Okay guys here is my longest review. To be honest I am not a fan of long reviews. Even if I come across any long reviews of my friends, I mostly ignore or just read 2 paragraphs. (I have huge respect for friends; it’s just me who is lazy enough to not read those long reviews). I am writing this review to justify why I am giving 2 stars to this book considering it has got 4.23/5 stars (199 ratings).

I had always been curious how the British had conquered India, with so few troops. The East India
Sep 30, 2019 rated it it was amazing  ·  review of another edition
Shelves: india
William Dalrymple tells how a single business operation replaced the Mughal empire to rule the Indian subcontinent. The East India Company was a first major multi-national corporation, and an early example of a joint stock enterprise. Most events occur between 1756-1803, around the time of the American and French revolutions. The story begins in 1599 with the charter of the Company, during the reign of Queen Elizabeth I and the lifetime of Shakespeare.

The Company was preceded by Walt
Amitava Das
Sep 19, 2019 rated it it was amazing  ·  review of another edition
This is another scholarly work of India’s colonial history , written with as much panache , passion and verve as I have come to expect from the finest living historian of colonial India , focusing on the anarchic period in Hindusthan triggering after the death of the last Mughal super power Aurangzeb in 1707 (an emperor who collected ten times more revenue than his contemporary King of France Louis XIV and contributed to a quarter of global GDP during his reign ) continuing till 1804 when the Ea ...more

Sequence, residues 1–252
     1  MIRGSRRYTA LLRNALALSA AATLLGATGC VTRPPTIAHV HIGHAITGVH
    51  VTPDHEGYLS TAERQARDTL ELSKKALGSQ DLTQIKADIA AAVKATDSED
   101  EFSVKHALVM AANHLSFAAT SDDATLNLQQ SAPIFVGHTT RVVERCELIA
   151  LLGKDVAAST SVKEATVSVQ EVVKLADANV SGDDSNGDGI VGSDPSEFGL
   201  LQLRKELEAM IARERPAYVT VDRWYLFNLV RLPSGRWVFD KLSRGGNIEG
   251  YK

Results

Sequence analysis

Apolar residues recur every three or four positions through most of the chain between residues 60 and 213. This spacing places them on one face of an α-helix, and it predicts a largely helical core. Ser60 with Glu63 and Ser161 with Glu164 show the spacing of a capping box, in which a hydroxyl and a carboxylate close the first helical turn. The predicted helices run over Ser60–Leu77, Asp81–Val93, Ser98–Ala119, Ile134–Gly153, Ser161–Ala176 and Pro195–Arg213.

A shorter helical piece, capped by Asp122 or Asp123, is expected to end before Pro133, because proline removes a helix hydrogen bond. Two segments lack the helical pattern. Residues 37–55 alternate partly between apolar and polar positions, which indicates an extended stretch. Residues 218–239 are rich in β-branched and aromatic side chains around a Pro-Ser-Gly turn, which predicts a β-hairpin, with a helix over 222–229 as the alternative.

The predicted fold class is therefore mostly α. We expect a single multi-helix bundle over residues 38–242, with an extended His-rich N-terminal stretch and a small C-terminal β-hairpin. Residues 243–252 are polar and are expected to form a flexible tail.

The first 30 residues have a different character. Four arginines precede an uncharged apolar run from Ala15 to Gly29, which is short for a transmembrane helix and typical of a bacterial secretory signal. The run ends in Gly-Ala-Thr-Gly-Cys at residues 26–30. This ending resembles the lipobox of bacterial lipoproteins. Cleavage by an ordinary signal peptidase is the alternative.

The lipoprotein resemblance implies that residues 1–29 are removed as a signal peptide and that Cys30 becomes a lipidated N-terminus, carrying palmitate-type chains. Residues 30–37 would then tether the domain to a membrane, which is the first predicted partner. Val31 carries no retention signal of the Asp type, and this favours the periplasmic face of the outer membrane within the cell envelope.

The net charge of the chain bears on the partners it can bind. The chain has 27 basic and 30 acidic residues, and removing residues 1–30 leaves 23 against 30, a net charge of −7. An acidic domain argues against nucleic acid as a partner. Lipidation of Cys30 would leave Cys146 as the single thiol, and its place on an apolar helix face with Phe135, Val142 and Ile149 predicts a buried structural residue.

Sep 10, 2019 rated it really liked it  ·  review of another edition
***I was granted an ARC of this via Netgalley from the publisher.***

Imagine if a multinational corporation not only was a global leader in trade but also had at its beck and call an army which it used to subjugate other countries to protect its profits and interests. It may seem like a farfetched scenario but in the past a corporation with these characteristics existed: The East India Company. The rise and excesses of what would become the world’s first great multinational corporatio
Oct 13, 2019 rated it really liked it
Shelves: history